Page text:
Thursday, April 16, 2009

Wah.....3 officers have broken bonds since 2000

New Paper
15 April 2009

3 officers have broken bonds since 2000

Death of scholar prompts queries over SAF HR policies in parliament session

By Low Ching Ling

IN RECENT weeks, the family of the late Captain (Dr) Allan Ooi have engaged the Defence Ministry (Mindef) about his death in newspaper forums.

The incident prompted MP for Tampines GRC Irene Ng to raise questions in Parliament about bonded Singapore Armed Forces (SAF) officers.

Here is the exchange between Ms Ng and Defence Minister Teo Chee Hean :

Ms Ng: Can bonded SAF officers apply to leave the service early?

Mr Teo: All officers who... take up sponsorship are aware that they have a moral obligation to serve out the full period of their... bonds, which goes beyond the legal obligation to pay back liquidated damages if (they do) not fulfil the bond.

An officer who wishes to be released early while under bond can submit a formal application through the proper process.

Under what circumstances will approval be granted?

The application will be assessed on a case-by-case basis and the officer will be counselled and interviewed by his superior officers.

How many applications have been made and approvals granted over the years?

Since 2000, we have allowed three officers to be released prematurely from their bonds.

Can the Minister review the way the SAF contracts army personnel to make sure that, before a person signs... the contract terms are clearly explained to him, and to... his parents if he is below 21?

First, if anyone is signing a sponsorship deed and needs clarification on its terms and conditions, he can and should seek these clarifications, which Mindef has and will continue to provide.

The individual signs the deed voluntarily and is not compelled to do so until he has fully understood the terms of the sponsorship or scholarship.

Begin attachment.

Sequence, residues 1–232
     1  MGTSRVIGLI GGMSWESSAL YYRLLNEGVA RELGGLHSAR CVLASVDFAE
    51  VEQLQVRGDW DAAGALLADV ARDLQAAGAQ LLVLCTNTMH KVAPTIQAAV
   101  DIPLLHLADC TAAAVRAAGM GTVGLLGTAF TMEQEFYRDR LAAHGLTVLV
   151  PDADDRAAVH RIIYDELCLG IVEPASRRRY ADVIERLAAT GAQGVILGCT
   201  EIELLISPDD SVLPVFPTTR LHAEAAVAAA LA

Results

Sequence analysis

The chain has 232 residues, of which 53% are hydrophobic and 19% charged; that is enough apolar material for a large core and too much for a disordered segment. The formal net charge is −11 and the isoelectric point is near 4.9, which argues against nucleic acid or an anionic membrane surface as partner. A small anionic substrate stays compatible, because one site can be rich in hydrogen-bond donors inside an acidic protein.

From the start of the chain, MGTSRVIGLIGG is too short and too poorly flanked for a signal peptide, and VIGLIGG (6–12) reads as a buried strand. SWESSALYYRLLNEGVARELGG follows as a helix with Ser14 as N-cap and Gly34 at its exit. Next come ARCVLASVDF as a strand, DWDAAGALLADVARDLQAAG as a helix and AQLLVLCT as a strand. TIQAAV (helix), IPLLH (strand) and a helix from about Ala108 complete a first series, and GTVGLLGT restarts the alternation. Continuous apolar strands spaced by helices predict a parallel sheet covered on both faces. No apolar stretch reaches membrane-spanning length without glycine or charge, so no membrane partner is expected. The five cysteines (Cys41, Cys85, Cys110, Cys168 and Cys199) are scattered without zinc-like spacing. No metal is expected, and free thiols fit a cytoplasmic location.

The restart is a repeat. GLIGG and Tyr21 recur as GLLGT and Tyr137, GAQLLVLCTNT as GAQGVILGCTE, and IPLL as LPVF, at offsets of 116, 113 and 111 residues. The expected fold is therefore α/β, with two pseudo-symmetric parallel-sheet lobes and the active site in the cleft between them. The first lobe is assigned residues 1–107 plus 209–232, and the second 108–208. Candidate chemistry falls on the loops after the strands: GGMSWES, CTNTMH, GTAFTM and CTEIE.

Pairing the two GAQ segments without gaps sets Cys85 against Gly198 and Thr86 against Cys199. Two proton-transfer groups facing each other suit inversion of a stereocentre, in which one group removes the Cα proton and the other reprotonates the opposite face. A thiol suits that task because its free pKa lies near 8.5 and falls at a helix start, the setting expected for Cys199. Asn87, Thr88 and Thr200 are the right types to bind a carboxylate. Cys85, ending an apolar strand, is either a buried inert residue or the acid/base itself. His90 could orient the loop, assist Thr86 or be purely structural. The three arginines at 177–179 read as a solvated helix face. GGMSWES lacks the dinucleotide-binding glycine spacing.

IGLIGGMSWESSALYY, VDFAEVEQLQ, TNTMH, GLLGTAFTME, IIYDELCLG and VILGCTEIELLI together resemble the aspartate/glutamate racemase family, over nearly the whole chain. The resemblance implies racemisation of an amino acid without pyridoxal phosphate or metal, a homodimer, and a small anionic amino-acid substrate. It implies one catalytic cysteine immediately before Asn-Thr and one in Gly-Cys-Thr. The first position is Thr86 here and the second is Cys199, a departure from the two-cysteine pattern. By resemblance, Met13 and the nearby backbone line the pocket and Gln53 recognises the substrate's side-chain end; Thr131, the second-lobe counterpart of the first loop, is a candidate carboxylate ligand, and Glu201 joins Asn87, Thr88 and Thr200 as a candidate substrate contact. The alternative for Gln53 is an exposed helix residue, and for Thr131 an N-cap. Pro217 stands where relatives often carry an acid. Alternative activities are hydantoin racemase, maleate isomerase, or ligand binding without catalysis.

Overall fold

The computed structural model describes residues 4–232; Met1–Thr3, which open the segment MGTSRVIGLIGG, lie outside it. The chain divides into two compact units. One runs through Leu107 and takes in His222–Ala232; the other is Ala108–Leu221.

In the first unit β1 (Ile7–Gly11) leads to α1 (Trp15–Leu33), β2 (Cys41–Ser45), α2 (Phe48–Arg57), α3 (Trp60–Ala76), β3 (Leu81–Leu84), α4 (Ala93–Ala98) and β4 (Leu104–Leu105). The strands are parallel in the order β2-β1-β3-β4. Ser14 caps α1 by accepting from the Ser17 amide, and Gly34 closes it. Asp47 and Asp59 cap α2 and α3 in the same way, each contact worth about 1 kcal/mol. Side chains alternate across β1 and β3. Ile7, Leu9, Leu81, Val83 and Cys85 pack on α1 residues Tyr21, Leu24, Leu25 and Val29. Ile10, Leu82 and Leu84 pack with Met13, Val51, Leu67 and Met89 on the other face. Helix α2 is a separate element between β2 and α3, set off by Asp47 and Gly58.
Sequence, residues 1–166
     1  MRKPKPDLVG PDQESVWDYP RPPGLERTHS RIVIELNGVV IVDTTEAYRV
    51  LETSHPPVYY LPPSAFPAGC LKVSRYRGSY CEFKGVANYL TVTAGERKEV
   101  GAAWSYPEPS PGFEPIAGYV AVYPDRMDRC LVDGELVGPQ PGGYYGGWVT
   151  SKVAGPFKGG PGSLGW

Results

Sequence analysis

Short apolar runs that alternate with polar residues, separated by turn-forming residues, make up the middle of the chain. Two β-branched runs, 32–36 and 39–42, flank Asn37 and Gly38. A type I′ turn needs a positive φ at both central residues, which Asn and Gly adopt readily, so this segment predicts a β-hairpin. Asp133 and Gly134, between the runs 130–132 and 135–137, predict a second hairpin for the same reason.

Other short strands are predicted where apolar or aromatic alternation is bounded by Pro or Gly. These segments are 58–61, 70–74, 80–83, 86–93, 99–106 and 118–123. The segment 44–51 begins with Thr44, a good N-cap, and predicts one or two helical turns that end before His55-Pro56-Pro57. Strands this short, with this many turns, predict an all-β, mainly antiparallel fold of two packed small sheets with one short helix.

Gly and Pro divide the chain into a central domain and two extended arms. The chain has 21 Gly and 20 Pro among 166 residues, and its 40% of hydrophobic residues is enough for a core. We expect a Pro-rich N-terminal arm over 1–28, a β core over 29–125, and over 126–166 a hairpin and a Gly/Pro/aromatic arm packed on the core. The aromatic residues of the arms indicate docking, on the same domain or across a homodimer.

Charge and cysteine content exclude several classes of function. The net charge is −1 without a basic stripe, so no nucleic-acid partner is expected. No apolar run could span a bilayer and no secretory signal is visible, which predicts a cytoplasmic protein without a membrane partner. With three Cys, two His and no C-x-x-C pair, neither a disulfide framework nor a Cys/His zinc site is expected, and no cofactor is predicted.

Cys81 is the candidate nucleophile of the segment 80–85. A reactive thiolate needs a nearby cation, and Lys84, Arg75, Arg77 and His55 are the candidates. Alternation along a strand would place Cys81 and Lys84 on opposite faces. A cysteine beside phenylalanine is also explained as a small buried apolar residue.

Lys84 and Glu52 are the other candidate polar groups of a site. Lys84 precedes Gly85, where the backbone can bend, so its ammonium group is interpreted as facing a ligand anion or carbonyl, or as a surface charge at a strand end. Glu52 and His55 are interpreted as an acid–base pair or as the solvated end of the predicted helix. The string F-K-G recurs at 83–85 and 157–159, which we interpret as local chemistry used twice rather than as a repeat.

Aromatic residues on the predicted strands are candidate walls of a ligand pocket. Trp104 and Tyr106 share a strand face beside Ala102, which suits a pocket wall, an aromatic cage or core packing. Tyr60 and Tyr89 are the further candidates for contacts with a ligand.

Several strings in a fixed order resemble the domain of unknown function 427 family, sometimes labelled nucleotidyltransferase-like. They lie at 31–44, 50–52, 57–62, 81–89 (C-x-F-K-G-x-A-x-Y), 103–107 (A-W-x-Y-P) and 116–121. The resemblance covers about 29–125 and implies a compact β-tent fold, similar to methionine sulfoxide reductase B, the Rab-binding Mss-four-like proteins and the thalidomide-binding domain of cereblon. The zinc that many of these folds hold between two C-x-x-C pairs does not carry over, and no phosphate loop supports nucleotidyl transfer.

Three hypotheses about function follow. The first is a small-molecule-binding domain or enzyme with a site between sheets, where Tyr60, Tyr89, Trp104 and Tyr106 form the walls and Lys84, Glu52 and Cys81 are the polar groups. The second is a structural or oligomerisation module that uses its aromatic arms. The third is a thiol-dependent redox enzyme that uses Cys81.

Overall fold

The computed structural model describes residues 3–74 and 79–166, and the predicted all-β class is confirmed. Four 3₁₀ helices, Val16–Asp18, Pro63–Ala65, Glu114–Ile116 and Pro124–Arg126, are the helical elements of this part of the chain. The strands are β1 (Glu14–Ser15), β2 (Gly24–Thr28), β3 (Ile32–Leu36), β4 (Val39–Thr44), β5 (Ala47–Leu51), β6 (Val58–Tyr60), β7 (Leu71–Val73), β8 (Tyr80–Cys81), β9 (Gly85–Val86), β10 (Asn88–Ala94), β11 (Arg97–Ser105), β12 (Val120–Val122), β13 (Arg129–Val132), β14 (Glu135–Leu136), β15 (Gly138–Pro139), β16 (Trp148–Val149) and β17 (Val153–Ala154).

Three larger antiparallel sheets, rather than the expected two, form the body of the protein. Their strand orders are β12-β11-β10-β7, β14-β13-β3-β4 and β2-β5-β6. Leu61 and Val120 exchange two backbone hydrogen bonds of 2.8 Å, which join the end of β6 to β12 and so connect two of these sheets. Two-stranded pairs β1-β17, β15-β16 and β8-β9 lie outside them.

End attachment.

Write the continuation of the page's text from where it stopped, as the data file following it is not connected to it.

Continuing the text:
This is particularly the case when it is an in-service officer who may well already be in his 20s or 30s, and decides to take up a scholarship or a sponsorship to go on for a course for further career development.

Second, most of our sponsorships or scholarships require two sureties to also sign the deed.

These sureties (are) usually one of the parents, a close relative or someone whom they know well... Mindef also provides clarification to these sureties.

While the bonded officer has a moral obligation to serve his bond, the SAF... also has a moral obligation to... make him want to stay... Do the SAF's HR policies ensure that?

In the case of sponsorship, Mindef has already taken the first step, which is to provide sponsorship for the course, sometimes with salary for the officer while he is on course.

So, Mindef has already fulfilled a fairly major part of the obligation towards the officer by sponsoring him for the programme.

These programmes may be six months, or as long as six years in the case of medical scholarships.

The SAF invests substantial public funds and time to train these officers. There is an expectation that such officers will... fulfil their moral obligation to serve the organisation in return.

The SAF is not an unreasonable organisation. The terms and conditions are quite fair and reasonable and that is why we do have people who are prepared to come forward to serve the SAF...

There are many interesting and challenging jobs in the SAF... In most cases, because the officers whom we choose to sponsor are our better officers, they do have a pick of the better positions available.

Given that Mindef has convened a Board of Inquiry and made findings that the matters related to Capt (Dr) Ooi's service were managed appropriately, would the Minister consider making the findings public or at least available to the family?

Mindef has been in contact with the family since Capt (Dr) Ooi went Awol in October last year. We will continue to do so.

If the family were to request for the findings... Mindef will make available a summary of the findings to them.

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